A Project of The Annenberg Public Policy Center

Taking Liberties in Philadelphia

Summary

Clinton and Obama both strained the facts at times during their debate in Philadelphia.

Clinton said "people died" in 1970s bombings by a radical group of which an Obama acquaintance was a member. In fact, the deaths were of three members of the Weather Underground itself, who died when their own bombs accidentally exploded.
Obama said, "I have never said that I don’t wear flag pins or refuse to wear flag pins." Actually,

More Speaking Time: Obama or Clinton?

Q: Who gets more time during debates, Obama or Clinton?
A: Obama spoke longer in their two February debates, but Clinton had more time in their January meeting.

Clinton-Obama Pillow Fight

The most recent Obama-Clinton debate drew little blood, but we noted a few factual claims that could use correcting or clarifying: Clinton wrongly implied that Obama had little or no accomplishments to his credit. Obama recited a list of achievements at both the state and federal level, which we found to be accurate.

L.A. Lovefest

Clinton and Obama left their recent bitterness behind at the Democratic debate prior to a nationwide series of primaries and caucuses on Feb. 5. They emphasized their areas of agreement and looked more like running mates than rivals for the nomination. By the end, both were ducking a question about whether the other would be their pick for vice president, and afterward they practically embraced in front of the cameras.

Simi Valley Showdown

Summary

With a nationwide wave of nominating contests looming next week, Republican presidential candidates held their last scheduled debate against the backdrop of Ronald Reagan’s retired Air Force One. But we found some of the candidates' facts just won’t fly.

Romney complained that McCain used "the wrong data" about job creation to support his assertion that Massachusetts had ranked 47th among the 50 states while Romney was governor. Romney was wrong;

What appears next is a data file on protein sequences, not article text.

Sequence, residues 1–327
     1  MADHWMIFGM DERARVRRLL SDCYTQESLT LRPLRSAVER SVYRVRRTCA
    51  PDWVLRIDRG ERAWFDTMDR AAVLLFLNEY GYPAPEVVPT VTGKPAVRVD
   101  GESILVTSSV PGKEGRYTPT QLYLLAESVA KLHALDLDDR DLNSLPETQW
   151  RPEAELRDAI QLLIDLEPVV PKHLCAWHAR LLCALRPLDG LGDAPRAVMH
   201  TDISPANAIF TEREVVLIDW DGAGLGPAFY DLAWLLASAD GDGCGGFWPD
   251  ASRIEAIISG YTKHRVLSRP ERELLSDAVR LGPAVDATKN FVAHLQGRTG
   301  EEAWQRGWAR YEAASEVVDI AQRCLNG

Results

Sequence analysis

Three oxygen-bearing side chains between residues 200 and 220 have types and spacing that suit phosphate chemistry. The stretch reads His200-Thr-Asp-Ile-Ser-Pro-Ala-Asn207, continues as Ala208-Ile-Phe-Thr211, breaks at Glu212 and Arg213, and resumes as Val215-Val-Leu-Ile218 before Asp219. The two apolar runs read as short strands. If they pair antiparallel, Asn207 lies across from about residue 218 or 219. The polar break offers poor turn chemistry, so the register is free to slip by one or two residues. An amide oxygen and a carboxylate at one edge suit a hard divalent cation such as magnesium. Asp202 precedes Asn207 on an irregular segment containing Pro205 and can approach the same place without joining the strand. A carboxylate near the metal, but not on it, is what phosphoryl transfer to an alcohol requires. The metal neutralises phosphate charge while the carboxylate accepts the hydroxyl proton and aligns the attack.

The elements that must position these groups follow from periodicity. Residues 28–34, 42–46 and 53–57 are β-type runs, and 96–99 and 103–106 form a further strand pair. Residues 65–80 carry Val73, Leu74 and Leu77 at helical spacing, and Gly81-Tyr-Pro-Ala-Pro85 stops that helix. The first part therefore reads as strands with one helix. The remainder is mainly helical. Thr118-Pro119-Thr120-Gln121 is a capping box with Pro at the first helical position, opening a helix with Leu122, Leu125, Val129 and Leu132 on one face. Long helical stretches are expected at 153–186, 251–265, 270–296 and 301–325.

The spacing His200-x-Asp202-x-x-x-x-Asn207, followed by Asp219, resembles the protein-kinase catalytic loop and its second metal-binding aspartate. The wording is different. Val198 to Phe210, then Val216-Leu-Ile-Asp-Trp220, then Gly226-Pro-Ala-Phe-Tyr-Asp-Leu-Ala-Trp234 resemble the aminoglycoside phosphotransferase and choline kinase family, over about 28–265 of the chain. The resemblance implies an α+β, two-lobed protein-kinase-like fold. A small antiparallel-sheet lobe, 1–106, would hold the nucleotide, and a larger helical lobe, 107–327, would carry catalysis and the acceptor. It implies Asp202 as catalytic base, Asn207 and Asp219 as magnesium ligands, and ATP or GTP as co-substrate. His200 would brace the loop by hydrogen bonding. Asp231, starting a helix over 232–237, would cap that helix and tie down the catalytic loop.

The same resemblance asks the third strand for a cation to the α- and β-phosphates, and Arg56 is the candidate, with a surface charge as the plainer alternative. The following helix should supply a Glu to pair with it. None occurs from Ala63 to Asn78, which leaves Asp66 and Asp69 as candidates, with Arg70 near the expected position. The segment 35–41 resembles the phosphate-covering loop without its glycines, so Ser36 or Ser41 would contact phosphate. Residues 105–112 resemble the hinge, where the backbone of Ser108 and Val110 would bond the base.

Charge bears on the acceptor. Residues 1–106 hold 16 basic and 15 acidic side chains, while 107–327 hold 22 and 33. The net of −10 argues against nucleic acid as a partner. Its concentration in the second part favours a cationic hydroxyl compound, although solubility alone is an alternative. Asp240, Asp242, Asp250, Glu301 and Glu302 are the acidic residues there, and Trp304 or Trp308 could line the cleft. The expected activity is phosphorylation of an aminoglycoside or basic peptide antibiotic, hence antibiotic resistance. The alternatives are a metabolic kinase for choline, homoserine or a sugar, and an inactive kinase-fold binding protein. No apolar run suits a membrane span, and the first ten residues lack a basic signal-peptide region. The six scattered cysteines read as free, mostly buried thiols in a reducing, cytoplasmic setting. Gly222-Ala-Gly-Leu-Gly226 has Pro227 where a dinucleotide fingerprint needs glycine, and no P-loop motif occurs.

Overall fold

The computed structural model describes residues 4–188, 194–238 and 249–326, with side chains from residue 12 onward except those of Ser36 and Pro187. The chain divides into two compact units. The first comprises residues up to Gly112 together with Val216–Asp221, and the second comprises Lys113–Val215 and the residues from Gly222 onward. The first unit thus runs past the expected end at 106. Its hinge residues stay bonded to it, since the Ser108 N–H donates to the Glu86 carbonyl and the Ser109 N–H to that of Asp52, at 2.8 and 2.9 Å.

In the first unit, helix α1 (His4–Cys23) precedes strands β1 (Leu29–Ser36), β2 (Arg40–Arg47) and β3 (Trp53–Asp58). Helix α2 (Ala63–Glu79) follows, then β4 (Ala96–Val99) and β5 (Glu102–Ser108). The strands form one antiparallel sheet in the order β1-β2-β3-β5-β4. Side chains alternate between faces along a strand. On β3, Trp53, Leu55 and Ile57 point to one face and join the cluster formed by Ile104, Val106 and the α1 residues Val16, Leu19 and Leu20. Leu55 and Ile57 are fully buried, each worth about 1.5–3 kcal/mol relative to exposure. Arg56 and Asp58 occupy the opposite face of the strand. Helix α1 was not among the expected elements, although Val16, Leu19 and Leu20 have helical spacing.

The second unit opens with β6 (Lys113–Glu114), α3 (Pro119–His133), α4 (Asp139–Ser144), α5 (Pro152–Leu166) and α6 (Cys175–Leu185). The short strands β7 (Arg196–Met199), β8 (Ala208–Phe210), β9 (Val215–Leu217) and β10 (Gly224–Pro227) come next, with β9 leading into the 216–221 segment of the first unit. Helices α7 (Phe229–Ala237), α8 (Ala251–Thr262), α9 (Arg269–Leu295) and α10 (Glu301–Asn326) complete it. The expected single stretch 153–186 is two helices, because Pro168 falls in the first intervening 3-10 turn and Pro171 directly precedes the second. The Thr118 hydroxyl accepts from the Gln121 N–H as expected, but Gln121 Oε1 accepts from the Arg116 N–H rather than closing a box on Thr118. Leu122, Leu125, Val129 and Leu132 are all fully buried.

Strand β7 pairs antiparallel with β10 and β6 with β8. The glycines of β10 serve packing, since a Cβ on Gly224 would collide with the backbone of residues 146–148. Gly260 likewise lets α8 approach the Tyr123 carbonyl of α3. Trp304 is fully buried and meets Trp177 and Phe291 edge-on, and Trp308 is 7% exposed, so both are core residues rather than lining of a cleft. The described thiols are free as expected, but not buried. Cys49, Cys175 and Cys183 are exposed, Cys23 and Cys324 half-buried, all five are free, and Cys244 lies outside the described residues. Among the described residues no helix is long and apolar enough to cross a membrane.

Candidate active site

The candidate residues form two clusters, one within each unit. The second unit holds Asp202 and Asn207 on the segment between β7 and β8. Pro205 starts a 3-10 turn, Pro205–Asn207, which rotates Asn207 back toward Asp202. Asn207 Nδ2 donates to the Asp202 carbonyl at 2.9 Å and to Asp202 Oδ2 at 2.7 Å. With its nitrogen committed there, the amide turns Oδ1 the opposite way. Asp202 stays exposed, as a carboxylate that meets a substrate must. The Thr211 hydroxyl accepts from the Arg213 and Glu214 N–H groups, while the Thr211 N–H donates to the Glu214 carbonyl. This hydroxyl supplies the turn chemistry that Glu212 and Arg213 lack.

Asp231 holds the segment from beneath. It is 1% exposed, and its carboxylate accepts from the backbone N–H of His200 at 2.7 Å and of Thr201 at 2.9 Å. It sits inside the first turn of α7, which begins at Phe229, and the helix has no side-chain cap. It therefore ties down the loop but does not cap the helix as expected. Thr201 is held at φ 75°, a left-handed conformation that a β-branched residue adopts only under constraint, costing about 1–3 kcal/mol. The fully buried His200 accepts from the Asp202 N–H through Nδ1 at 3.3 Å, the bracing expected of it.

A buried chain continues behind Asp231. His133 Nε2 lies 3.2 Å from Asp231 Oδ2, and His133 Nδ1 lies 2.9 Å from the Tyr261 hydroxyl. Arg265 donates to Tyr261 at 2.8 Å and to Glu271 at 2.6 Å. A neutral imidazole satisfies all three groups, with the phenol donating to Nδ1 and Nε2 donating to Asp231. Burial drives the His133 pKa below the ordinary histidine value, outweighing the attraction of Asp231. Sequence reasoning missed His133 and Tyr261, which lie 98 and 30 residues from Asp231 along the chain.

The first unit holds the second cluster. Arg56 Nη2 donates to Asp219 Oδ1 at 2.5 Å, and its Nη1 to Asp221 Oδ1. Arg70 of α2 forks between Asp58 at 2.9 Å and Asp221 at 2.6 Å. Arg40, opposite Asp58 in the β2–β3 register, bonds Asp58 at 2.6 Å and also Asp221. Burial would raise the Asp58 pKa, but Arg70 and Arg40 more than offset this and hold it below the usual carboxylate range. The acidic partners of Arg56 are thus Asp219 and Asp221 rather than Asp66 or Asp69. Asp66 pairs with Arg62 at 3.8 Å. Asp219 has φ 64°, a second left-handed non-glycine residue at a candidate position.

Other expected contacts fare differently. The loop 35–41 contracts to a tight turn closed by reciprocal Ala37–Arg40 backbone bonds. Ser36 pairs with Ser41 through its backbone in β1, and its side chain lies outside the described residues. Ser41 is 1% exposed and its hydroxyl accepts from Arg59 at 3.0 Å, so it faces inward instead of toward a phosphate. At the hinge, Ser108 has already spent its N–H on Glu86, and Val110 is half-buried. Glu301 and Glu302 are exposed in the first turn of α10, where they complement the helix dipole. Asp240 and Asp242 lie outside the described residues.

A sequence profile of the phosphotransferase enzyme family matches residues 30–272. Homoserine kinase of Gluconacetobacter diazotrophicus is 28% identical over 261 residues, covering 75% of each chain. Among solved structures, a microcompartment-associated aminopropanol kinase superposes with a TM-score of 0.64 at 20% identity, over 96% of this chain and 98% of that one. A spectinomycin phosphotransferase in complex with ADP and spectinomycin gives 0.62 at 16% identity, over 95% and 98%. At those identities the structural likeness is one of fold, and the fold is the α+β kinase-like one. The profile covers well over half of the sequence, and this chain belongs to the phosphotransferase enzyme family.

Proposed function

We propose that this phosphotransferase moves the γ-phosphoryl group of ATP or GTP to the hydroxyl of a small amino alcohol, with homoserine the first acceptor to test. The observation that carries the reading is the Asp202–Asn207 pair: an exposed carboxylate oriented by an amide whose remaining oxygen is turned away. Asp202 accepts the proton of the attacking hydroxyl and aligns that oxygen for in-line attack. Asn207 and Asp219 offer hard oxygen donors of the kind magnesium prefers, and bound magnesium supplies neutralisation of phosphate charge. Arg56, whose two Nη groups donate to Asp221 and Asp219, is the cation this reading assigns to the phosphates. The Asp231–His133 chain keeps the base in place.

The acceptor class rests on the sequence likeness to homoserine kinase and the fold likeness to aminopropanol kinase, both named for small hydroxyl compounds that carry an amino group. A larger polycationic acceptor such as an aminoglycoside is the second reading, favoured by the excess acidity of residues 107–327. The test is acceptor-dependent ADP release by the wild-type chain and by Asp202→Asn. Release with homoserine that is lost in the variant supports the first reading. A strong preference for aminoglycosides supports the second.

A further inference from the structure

Bogus Claims in Boca

Summary
In last night's debate, held days before Tuesday's Republican primary in the Sunshine State, the remaining GOP candidates came up with a few new factual distortions and repeated several old ones. Among them:

McCain said he had won the Republican vote in both the South Carolina and New Hampshire primaries, where independent voters also participate. One exit poll showed him narrowly prevailing with Republicans in New Hampshire, while another didn’t. And the same poll that favored him in that state had him losing the GOP vote to Huckabee in South Carolina.

Clinton-Obama Slugfest

Summary
In one of the liveliest debates of the 2008 presidential campaign, the three top Democrats slugged it out in Myrtle Beach, S.C. We noted some low blows:

Clinton falsely accused Obama of saying he "really liked the ideas of the Republicans" including private Social Security accounts and deficit spending. Not true. The entire 49-minute interview to which she refers contains no endorsement of private Social Security accounts or deficit spending, and Obama specifically scorned GOP calls for tax cuts.

Stacking the Deck

Summary
The three leading Democratic presidential candidates debated in Las Vegas and we noted the following:

Clinton once again mischaracterized the 2005 energy bill, saying it had "enormous giveaways" to oil and gas companies. In truth, the measure raised taxes on those industries.
Obama accused the Bush administration of failing to make "any serious effort" to encourage use of alternative fuels or raise fuel efficiency of automobiles. In fact, President Bush has signed major bills that do both.

Myrtle Beach Blarney

Summary

Another debate, another round of fact-checking. The GOP meeting in South Carolina was the third for Republican candidates in a week, but they haven’t run out of exaggerations or misstatements:

Romney claimed Massachusetts gained jobs "every single month" he was governor after hitting a low point. In fact the job gains seesawed, with seven of 36 months producing job losses.
Huckabee escalated his misleading claims about cutting taxes, saying he cut taxes for the first time in the history of the state of Arkansas,

One-Two Punch for GOP

Summary

In the final debate before New Hampshire's first-in-the-nation primary election, five Republican candidates appeared on Fox News. We found no shortage of recycled bunk, and a new twist or two:

Huckabee repeated his claim to have made 94 tax cuts including the "first broad-based tax cut" in the history of Arkansas, though he actually signed tax bills that resulted in a net increase in taxes of $500 million.
Romney said his increases in "fees"